Tax Update Blog

Tax News & Views Bank & Bordeaux Roundup

November 20, 2020 | Blog
By Daniel McNeil

Top 2020 Bank Tax Planning Strategies to Consider – Blake Crow & Paul Sirek, Eide Bailly. “Although immediate sweeping tax changes are not anticipated, a change in the White House provides an incentive for longer-term tax planning. In addition, having the ability to react and implement strategies in response to changing external factors, including the COVID-19 pandemic and its effect on your bank’s customers, needs to be a focus in coming weeks and months.”

Tax Pros Take Sides on Wisdom of Treasury’s Latest PPP Crackdown - Eric Yauch, Tax Notes($). "Practitioners were mostly frustrated with the latest round of guidance from Treasury on the deduction of expenses with tax-free coronavirus loans, and now the focus has shifted to quirks in its implementation."

Grassley, Wyden criticize Treasury guidance concerning PPP loansNaomi Jagoda, The Hill. “Senate Finance Committee Chairman Chuck Grassley (R-Iowa) and ranking member Ron Wyden (D-Ore.) on Thursday criticized new Treasury Department guidance about the tax treatment of expenses related to Paycheck Protection Program (PPP) loans, asking the department to revisit its approach.”

"Grassley and Wyden said in their statement that the new guidance, along with the guidance issued earlier this year, goes against lawmakers' intention that small businesses receiving PPP loans be able to take deductions for ordinary and necessary business expenses.

“Regrettably, Treasury has now doubled down on its position in new guidance that increases the tax burden on small businesses by accelerating their tax liability, all at a time when many businesses continue to struggle and some are again beginning to close," the senators said. "Small businesses need help maintaining their cash flow, not more strains on it."  

 

IRS commissioner: Penalty relief will not be 'blanket' – Paul Bonner, Journal of Accountancy. “The IRS’s response to the COVID-19 pandemic has included focused relief from tax penalties, but taxpayers and tax professionals should not expect a “blanket” approach, IRS Commissioner Charles Rettig told CPAs on Tuesday.”

 

Improving State Tax Collections Don’t Let Congress Off the Hook on COVID-19 Relief – Tracy Gordon, TaxVox. “While the elements of a smaller relief package this year remain a matter of debate, higher-than-expected state tax collections do not obviate the need for additional state and local fiscal relief.”

“Meanwhile, states and local governments must balance their budgets even as they still face plummeting tax revenues and rising costs for programs like Medicaid.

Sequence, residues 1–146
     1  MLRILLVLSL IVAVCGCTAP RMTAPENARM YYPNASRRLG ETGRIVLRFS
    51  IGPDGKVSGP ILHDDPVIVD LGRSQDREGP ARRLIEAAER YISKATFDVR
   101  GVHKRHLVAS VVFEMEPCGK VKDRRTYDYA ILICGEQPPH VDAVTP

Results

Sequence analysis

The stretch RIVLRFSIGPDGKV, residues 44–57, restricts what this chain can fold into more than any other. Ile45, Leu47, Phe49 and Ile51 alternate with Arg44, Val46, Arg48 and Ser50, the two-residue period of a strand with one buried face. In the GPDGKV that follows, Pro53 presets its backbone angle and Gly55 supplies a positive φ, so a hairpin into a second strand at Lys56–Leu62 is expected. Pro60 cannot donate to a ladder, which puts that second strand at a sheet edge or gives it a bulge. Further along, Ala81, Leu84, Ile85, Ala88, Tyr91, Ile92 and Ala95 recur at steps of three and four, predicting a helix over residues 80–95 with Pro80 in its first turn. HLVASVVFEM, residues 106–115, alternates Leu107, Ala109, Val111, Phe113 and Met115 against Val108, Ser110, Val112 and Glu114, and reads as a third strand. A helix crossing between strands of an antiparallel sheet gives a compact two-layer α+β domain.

Balanced budget rules together with abrupt revenue losses in April and May caused states and localities to shed jobs (1.3 million since February) and cut services, causing hardship for residents and putting the national economic recovery at risk.

And the problem is expected to get worse because state tax collections lag economic activity and due to rising costs of the “third wave” in COVID cases and hospitalizations.”

Louisiana holds state sales tax holiday Friday and Saturday – AP News. “Louisiana’s state sales tax won’t be charged on most purchases Friday and Saturday, under a one-time sales tax holiday aimed to help people struggling with the coronavirus pandemic and recovering from hurricanes Laura and Delta.”

Mississippi governor proposes phasing out state income tax – Emily Wagster Pettus, AP News. “Mississippi Gov. Tate Reeves said Monday that the state should phase out its individual income tax by 2030 to attract new residents and businesses that could boost economic growth.”

 

New Taxes Your Business Should Be Aware Of – Steve Forbes, Forbes. “GOP control of the Senate will prevent big tax increases from coming out of Washington. But this episode of What’s Ahead warns that state and local governments are ravenous for revenue.”

 

America Taxed Your Favorite Bordeaux? Try One With More Alcohol. – WSJ ($), Josh Zumbrun.

“Wine investor Tom Gearing was intrigued by a French vintner’s offer of a 2019 Cabernet-Merlot blend rich with aromas of cinnamon and jasmine and what the vintner called “a dazzling expression of the estate’s terroir.”

Even more alluring was its alcohol content: 14.02%.

That two-hundredths of 1% meant Mr. Gearing could sell the big red from Château Cos D’Estournel in Bordeaux to Americans for the vintner’s recommended $153 price instead of $191. That’s because of a quirk in U.S. tariff code that has sent high-alcohol European wine exports soaring.”


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This is a roundup of tax news and opinion. Any opinions expressed or implied are those of the author and not necessarily those of Eide Bailly. Opinions found in linked items are those of the authors of the linked item, not of your bloggers or of Eide Bailly. “$” means link may be behind a paywall. Items here do not constitute tax advice.